And then there’s the whole array of societal issues having to do with the use of chemicals, water evaporation and the energy required to keep water warm – all increasingly substantive considerations as the Green Revolution takes hold.  Finally, there are safety concerns about accidental drownings and suction-entrapment incidents, especially where small children are present.  

There’s no question that the watershaping industry has dealt with each of these issues in innovative and creative ways.  At Hidden Water Pools in San Diego, Calif., however, we’ve evaluated these challenges as a group through the past three years and have come up with what we consider to be an outside-the-box solution that offers designers, contractors and homeowners a unique approach that tackles these issues all at once.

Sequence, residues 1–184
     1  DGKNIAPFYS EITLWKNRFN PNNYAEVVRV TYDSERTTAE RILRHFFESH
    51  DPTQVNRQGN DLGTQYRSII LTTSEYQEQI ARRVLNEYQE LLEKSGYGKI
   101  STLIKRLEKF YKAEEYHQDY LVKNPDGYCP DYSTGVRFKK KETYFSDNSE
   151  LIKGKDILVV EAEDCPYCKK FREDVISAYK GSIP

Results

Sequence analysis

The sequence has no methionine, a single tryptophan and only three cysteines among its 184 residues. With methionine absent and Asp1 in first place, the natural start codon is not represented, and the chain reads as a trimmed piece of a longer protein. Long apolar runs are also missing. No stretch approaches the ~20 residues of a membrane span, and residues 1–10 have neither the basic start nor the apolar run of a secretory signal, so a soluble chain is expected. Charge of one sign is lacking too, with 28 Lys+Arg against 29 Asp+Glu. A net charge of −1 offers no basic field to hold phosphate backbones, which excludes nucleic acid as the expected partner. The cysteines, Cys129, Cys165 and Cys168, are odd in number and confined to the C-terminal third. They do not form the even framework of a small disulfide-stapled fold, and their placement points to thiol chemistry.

In a nutshell, our design is a pool shell that includes a platform that raises and lowers on a column mounted in the floor of the pool.  When the pool is not in use, the platform is at deck level, supported by a series of stabilizing legs.  When the pool is in use, a hydraulic cylinder drops the platform to any depth below water level, taking on the characteristics of a shallow wading pool, a reflection pool, a play pool or a full-scale swimming or hydrotherapy pool.

The platform can be finished with almost any type of deck material, and when the platform is at deck level, the pool essentially vanishes.  When it’s time to get wet, the platform can be lowered to any desired depth, from just an inch or two down to a full extent of five feet, six inches.